Callahan Charles 2014
Campbell Amelia 1996
Campbell Scott 2012
Cannella Joseph 2001
Cappadoro Jill 2004
Carastro Paul 2004
Carr Ali 2012
Carrasco Amy 2013
Casey Kimberly 2002
Catoe Rob 2015
Chappell Colleen 1999
Chase-Tozer Kristy 2017
Chernoff Jeff 2016
Christaldi Ronald 2003
Cichon Andrea 2017
Clark Robert 1997
Clark Melinda 2015
Clay Martyn 2014
Clinebell Donamae 2004
Collins-Garcia Holly 2003
Colvenbach Mark 2012
Combs Sarah 2012
Coney Chloe 2002
Coney Ernest 2018
Coniglio Sean 2006
Connery John 2009
Cooley Thomas 2000
Cotton Tina 2013
Cowan Karen 2017
Cox Linda 2014
Crouch Laura 2015
Crum Kimberly 2007
Cummings Brian 2014
Davis Janice 1995
Davis Paul 2004
Davis Julius 2015
DeBosier Kimberlee 1993
DeLaVergne Robin 1984
DeLaVergne John 2015
Delise Debra 2014
DePiro Adam 2018
DeVaney David 2010
Devine Linda 2010
Dibbs Scott 2007
Dierks Katherine 2015
Dixon Deirdre 2005
Domino Tracie 2012
Doney David 2005
Donlon Katherine 2004
Duda Laura 2005
Dugan Brian 2015
Dumar Matthew 2007
Eakins Jeffrey 2011
Efaw Stacey 2014
Egner Diane Leadership Florida’02
Ellison Sam 1998
Erb James 1999
Erdman Al 2016
Esquivel Julio 2012
Farkas Chris 2017
Farkas Emily 2018
Feaster Thomas 1983
Federer Craig 2018
Feeman David 2006
Feinman Rachel 2018
Feldman Randy 1989
Feldman Bret 2014
Fenda Pat 1988
Fender Brian 2007
Ferguson Irene G.M. 2001
Fernandez Lauren 2014
Ferrone Michael 2017
Fluharty Stephen 1982
Fogarty Lyle 2013
Ford Jerry 2000
Ford Timothy 2016
Foster Darcy 2001
Foster Nikki 2018
Fourquet Jose 2017
Francis Kerri-Lyn 2014
Frazier Katherine 2003
Freeman Meredith 2017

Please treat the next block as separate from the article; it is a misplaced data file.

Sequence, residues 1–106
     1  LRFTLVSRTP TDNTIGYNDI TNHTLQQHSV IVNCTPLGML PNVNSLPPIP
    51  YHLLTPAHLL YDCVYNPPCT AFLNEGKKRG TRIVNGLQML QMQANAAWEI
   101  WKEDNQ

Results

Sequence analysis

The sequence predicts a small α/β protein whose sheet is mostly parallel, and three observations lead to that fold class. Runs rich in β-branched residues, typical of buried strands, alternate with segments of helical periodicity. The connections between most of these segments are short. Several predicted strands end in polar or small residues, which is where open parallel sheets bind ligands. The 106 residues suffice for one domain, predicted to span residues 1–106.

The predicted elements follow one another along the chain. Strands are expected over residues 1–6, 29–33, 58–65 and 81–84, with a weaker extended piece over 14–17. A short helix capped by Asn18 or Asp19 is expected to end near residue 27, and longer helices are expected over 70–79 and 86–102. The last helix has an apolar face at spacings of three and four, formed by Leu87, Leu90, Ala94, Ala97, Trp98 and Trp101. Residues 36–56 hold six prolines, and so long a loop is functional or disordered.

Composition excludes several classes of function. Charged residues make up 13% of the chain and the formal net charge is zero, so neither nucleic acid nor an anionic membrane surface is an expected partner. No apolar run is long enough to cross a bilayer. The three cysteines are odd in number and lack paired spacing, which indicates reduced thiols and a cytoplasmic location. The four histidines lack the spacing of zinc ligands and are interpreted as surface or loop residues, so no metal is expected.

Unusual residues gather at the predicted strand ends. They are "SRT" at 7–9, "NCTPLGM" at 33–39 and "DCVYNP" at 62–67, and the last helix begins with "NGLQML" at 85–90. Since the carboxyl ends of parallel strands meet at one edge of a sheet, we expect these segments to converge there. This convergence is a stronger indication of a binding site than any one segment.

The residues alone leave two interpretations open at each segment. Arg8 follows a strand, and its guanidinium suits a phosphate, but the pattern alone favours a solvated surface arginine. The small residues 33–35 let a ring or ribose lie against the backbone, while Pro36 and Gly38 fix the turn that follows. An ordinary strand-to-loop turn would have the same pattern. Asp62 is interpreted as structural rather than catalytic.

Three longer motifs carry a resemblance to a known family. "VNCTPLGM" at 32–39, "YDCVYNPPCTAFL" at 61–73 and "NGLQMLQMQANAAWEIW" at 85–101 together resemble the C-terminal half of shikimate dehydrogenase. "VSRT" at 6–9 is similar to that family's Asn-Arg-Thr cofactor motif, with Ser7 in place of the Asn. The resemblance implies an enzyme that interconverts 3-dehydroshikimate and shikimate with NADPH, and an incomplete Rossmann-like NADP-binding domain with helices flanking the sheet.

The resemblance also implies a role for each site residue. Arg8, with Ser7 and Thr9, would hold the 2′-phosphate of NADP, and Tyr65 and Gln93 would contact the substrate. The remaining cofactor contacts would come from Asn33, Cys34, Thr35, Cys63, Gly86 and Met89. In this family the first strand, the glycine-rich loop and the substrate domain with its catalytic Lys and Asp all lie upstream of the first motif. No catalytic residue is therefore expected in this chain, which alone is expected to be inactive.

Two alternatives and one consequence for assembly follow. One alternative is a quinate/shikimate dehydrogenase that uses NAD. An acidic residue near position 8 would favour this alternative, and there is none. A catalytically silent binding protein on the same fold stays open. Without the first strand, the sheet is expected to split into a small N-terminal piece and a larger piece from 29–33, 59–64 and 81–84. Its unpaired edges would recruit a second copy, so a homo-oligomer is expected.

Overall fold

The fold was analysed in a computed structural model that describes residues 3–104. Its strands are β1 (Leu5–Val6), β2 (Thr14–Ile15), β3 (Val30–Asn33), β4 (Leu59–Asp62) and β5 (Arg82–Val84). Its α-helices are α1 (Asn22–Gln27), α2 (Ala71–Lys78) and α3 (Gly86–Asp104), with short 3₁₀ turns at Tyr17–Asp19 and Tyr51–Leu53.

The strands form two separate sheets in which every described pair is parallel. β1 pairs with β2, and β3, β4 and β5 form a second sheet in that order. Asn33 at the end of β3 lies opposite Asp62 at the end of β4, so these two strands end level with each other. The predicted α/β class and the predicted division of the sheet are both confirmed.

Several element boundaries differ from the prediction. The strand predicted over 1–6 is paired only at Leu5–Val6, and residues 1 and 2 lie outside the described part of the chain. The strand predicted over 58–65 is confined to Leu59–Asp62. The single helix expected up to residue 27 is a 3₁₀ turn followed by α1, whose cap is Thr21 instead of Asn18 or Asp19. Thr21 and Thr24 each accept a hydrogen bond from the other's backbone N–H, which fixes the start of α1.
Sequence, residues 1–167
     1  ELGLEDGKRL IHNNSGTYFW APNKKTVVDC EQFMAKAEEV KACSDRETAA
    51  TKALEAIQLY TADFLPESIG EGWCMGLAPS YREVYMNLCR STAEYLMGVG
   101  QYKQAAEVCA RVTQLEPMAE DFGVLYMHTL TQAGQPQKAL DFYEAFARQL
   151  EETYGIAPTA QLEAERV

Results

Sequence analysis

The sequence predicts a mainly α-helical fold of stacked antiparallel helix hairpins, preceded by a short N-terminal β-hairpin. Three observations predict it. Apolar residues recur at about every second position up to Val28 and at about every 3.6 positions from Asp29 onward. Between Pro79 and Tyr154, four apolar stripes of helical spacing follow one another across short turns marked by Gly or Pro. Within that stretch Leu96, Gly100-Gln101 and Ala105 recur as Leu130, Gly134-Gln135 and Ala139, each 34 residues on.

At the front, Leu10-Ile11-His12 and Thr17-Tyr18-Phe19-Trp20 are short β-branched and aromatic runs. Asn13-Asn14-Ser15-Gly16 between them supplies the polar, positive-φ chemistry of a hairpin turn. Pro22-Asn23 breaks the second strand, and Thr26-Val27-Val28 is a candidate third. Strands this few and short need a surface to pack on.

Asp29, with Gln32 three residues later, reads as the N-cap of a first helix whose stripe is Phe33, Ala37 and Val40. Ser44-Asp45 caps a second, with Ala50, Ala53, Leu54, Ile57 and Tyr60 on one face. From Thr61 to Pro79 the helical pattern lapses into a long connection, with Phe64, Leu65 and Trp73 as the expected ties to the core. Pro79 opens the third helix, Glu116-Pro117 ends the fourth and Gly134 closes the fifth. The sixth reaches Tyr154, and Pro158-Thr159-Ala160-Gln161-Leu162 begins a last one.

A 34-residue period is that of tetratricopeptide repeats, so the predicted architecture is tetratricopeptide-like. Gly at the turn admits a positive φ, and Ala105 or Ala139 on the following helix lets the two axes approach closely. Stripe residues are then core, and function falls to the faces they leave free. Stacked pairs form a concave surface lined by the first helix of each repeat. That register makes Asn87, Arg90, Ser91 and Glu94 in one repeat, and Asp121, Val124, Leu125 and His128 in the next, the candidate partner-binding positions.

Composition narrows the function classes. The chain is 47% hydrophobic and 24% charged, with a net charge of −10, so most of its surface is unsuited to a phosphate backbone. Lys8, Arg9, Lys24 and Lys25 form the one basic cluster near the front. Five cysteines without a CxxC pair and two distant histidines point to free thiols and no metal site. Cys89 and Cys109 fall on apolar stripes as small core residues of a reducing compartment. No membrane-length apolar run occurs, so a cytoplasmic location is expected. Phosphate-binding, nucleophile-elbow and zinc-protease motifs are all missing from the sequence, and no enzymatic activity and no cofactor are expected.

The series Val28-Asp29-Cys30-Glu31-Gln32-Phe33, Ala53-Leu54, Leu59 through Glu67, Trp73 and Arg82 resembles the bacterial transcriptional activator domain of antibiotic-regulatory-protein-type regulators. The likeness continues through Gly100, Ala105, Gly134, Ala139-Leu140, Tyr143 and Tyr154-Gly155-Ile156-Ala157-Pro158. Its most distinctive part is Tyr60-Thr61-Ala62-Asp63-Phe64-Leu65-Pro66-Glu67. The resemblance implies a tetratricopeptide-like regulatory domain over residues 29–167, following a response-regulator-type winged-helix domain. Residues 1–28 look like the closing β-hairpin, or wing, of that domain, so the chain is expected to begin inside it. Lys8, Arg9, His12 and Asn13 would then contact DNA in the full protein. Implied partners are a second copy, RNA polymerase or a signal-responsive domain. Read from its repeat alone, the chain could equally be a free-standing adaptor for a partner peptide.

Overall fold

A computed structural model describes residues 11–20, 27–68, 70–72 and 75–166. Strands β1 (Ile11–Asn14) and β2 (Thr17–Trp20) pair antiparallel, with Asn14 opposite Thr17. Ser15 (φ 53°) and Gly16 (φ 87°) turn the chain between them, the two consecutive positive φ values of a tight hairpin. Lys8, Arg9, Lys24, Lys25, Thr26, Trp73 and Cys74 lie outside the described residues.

Freking Ryan 2010
Frey Kim 2008
Frost Laura Leadership Orlando ’87/LTB’04
Fuente Jaret 2014
Fugate Jessica 2018
Fultz Todd 2013
Gandee Zinober Cynthia 2001
Garlick Scott 2010
Garlow Ryan 2017
Ghannadian Frank 2009
Gibbons Timothy 1998
Gibertini Cami 2004
Glover Christine 2018
Goede Bill 2005
Goetz Kari 2018
Gomez Matthew 2017
Gomez Bibiana 2017
Gordon Bruce 1980
Gordon Leslene 2018
Gorzka John 1991
Gough Robert 2002
Graham Andrea 1994
Grammig Robert 1995
Gray Stanley Valley Leadership/Phoenix ’97
Green B. Lee 2010
Gregory Todd 2017
Grieb Robert 1996
Grieco Steven 2013
Griffin Michael 2004
Griffin Melanie 2016
Grimaldi A.J. 1979
Grimes Gina 1996
Grinstead Jason 2017
Grinstead Lindsay 2018
Grove Steven 2007
Grundel DeDe 2002
Gustafson Zoe 1997
Guy Irene 2003
Hahn David 2014
Hall Andrew 2010
Hall Robyn 2015
Halpern Joshua 1999
Ham Sarah 2018
Haney R. Reid 1996
Haney Mark 2010
Hanrahan Brian 2014
Hapner Elizabeth 1997
Harding Timothy 2008
Harris William 1984
Harris Julie 2002
Hart Misha 2007
Hartigan Jake 2015
Harvey Felicia 2016
Hawker Nicole 2017
Hayes Steve 2000
Hays Paul 2011
Henderson Thomas 1976
Hendricks Brian 2012